U.S. retailers still anticipate a good haul from the holiday shopping season this year, in spite of the Trump administration's tariffs on China.
The White House's most recent round of China tariffs, imposed on Sept. 1, targeted consumer goods like clothing, footwear and some electronics. And of US imports of those products, over 1/3 came from China in 2018. Those goods are now facing a 10 percent price hike.
But the trade war hasn't dampened optimism for retailers: the National Retail Foundation expects retail sales to grow by around 4 percent this year, a little higher than past seasons. A Gallup poll notes Americans plan to spend more on Christmas gifts on average this year than they have in recent years.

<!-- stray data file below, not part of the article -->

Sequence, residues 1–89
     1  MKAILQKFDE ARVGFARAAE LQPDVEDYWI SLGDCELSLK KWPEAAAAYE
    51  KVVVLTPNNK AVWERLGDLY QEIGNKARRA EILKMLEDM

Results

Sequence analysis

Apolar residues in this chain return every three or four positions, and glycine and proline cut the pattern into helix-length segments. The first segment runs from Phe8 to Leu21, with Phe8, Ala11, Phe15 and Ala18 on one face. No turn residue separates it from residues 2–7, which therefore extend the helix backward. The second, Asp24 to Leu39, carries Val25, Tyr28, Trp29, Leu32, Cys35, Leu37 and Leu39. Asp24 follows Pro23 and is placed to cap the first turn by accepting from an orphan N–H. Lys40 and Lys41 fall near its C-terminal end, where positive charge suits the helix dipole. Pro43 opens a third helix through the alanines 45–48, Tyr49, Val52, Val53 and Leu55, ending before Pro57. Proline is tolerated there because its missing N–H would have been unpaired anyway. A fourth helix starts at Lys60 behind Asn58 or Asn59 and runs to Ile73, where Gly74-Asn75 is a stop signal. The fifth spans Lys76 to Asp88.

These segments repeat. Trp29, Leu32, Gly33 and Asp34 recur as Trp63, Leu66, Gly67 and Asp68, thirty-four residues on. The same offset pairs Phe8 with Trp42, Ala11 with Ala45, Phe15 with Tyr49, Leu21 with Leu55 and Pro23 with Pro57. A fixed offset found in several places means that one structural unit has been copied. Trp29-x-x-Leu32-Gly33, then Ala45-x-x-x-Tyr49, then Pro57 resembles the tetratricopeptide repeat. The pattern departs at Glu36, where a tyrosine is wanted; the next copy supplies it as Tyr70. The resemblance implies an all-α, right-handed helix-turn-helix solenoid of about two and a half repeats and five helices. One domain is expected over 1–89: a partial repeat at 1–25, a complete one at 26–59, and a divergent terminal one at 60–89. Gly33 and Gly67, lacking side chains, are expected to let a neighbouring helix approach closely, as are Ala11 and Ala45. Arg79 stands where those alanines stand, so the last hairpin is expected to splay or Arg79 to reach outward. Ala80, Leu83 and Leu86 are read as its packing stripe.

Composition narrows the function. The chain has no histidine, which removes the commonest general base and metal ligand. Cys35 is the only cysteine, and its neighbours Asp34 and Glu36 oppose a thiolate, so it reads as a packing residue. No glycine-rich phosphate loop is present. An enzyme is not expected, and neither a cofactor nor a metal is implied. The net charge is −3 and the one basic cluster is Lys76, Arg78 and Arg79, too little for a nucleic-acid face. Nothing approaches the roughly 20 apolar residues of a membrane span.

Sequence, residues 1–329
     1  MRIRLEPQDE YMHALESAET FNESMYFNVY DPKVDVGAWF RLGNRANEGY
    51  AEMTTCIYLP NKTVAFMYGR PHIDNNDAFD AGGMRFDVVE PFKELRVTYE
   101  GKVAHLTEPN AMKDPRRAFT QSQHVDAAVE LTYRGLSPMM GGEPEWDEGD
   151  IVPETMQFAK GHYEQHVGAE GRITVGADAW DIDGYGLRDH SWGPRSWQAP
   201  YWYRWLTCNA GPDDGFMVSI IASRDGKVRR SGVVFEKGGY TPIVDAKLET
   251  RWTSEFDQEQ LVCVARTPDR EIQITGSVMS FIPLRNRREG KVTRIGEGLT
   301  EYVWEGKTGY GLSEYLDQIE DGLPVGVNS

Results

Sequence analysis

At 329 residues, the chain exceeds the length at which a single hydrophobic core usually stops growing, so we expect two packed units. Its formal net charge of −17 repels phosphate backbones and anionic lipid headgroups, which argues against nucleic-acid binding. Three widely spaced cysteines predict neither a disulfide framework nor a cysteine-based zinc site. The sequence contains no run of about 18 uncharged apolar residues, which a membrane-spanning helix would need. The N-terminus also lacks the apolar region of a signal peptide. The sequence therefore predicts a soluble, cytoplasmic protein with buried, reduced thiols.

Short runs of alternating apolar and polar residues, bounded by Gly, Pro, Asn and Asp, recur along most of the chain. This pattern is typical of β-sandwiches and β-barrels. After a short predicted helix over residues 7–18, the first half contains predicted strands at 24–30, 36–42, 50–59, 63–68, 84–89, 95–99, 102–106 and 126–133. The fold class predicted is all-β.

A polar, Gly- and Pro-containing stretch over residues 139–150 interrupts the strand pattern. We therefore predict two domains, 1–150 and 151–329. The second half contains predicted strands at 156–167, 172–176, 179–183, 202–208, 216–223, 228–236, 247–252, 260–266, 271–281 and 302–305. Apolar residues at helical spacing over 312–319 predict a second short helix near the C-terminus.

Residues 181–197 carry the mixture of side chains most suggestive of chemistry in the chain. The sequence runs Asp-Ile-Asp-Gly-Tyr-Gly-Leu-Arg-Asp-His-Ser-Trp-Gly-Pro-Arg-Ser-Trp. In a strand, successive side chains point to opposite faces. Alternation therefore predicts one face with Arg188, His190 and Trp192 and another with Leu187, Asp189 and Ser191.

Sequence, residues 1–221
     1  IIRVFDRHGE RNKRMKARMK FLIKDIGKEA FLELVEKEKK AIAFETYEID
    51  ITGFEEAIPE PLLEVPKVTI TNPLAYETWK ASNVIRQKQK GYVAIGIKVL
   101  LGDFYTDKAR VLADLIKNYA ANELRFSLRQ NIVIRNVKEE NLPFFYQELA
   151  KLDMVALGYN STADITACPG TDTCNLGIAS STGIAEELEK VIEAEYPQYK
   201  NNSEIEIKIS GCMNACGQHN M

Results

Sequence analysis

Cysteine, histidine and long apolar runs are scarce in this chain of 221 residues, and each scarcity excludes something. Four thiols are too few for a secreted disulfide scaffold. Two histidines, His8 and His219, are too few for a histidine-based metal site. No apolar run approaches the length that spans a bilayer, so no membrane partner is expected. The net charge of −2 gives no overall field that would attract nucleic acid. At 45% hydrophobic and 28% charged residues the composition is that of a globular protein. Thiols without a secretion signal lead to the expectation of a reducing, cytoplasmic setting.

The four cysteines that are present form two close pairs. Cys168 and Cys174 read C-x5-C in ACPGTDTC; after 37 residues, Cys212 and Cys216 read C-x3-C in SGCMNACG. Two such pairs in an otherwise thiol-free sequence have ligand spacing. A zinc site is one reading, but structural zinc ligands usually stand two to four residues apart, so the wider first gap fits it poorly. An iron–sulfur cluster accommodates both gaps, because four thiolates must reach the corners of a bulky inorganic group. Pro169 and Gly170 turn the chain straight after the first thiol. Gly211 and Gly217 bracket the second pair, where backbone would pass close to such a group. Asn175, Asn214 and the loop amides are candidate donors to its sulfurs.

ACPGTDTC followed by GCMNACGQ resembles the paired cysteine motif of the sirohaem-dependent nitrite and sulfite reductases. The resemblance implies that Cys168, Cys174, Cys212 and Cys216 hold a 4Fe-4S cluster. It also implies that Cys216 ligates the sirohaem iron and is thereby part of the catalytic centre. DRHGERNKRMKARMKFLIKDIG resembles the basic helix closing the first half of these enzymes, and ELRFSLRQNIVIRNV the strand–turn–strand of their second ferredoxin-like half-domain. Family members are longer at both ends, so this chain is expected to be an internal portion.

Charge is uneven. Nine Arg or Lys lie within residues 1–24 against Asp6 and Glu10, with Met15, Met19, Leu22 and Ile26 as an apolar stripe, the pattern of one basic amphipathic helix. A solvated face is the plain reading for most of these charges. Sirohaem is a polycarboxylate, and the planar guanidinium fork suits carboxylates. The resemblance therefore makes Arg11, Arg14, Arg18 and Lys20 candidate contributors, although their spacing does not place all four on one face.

It's partly by design that tariffs aren't showing up in time to ruin the holidays. President Trump delayed the bulk of planned tariffs that would have hit consumer goods until Dec. 15. Most importers have already stocked up for the holidays by that date.
Tariffs may not be biting hard on retailers just yet, but they are still putting pressure on the U.S. economy. One survey found more than half of the small businesses affected by tariffs plan to raise their prices.
And the trade war's uncertainty poses a global threat as well: The International Monetary Fund says the U.S.-China trade war could drag global growth down to its lowest point since the 2008-2009 financial crisis.